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Zurich Film Festival Showcases the Best of European Horror

This year’s Zurich Film Festival had numerous surprises in store for horror fans, including a masterclass from filmmaker Luca Guadagnino.

The festival showcased several movies that fall under the horror genre, such as Bones and All and Mad Heidi. The 18th edition of the ZFF was also the most successful, with a record 137,000 attendees over the two-week period.

Bones and All, a multi-genre horror movie directed by Guadagnino, combines a cannibal romance with the road movie genre. Guadagnino has already won accolades for the film, including the Silver Lion award for best direction at the 79th Venice International Film Festival, where the movie celebrated its premiere.

A horror movie masterclass

One of the highlights of the film festival for horror fans was the masterclass provided by Guadagnino, who took time out from his busy schedule to provide insights into the horror genre. The Italian director, who was honored with the A-Tribute-to-Award at the festival revealed the technicalities of creating a horror movie. This included the consultation of a pathologist to ensure the cannibalism depicted in the movie was authentic. The discussion resulted in the disclosure that biting into a body actually takes a great deal of effort due to the thickness of the human skin, therefore authentic cannibalism requires chewing as opposed to the tearing away of flesh.

A Swiss cheese horror

The ability for the genre to inspire innovative plots and scenarios is demonstrated by the film Mad Heidi, a horror movie set in dystopian Switzerland. The country has been taken over by a fascist evil cheese tyrant and Heidi must relinquish her quiet life in the Alps to defeat the cheese extremists. The movie is a spoof on Heidi, the novel written by Swiss author Johanna Spyri, which was published in 1881 and is the brainchild of the directors Johannes Hartmann and Sandro Klopfstein. The satirical nature of the film has led to the designation as the very first Swissploitation movie.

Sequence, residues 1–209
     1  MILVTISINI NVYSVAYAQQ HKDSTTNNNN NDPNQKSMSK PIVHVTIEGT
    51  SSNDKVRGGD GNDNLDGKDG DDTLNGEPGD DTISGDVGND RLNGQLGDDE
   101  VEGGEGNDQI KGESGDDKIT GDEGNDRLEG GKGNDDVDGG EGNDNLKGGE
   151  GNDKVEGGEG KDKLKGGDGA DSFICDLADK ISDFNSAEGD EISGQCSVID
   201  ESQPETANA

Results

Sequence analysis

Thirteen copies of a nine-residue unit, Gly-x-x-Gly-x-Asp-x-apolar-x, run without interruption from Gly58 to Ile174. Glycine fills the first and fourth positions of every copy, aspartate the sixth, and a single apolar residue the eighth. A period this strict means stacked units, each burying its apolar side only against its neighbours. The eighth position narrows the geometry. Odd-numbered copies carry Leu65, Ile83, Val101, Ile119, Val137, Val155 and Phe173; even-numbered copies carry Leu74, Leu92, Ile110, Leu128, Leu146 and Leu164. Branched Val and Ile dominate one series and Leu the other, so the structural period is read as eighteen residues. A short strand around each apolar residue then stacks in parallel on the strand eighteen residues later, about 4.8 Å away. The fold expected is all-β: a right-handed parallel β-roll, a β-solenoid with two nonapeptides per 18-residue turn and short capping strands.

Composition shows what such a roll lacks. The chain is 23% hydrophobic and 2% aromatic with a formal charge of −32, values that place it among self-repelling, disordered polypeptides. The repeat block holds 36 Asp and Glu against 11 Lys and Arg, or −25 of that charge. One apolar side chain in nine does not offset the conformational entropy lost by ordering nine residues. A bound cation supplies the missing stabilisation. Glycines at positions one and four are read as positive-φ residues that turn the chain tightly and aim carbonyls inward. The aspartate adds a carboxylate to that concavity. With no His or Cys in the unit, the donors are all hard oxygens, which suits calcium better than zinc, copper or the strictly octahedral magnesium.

It is the diverse nature of the horror genre that gives creators in the entertainment industry a great deal of leeway in the creation of content. For Swiss horror enthusiasts, for example, there is a wide range of horror games available across the board, with cult classics such as Resident Evil and Silent Hill, and even casino games join the grizzly fun with Horror-slots and free spins in Swiss online casinos. Slot titles such as Evil Goblins, Vampires and Dracula Riches are able to capitalize on the popularity of the genre by featuring well-known horror characters, alongside the dark sounds and visuals associated with horror. The selection of innovative game titles also exemplifies the range of horror themes and different interpretations on offer in the sector.

A multi-genre horror movie

Indeed, the ability to interpret the horror genre in a variety of ways is part of its attraction for Guadagnino. He revealed that the multi-genre nature of Bones and All, which is based on the novel of the same name written by American author Camille DeAngelis, represents his objective of forgoing a signature in his movies. For Guadagnino, nothing could be more tedious than constantly replicating the same movie style. With its variety of subgenres, horror gives him the opportunity to experiment with a wide range of themes in his movies.

That is why festivals such as the ZFF have an important role to play in showcasing Swiss and German cinema. In modern cinema, foreign-language movies have the opportunity to make a splash across the world thanks to the proliferation streaming platforms.

As Halloween, the scariest night of the year, approaches, there are plenty of thrills and spills in store for fans of the genre with a host of cult horrors coming to Netflix, with classics including Apostle and The Blair Witch Project. The latter movie is particularly worth revisiting after the US found footage movie Holes in the Sky: The Sean Miller Story recently achieved a total of 19 awards in the subgenre, overtaking the 1999 movie.

With the Zurich Film Festival highlighting the latest innovations in horror cinema, the genre is once again presented as one of the most versatile in the movie industry. It also reveals an opportunity for filmmakers to explore classic works of fiction not normally associated with horror and to experiment with multi-genre horror films.

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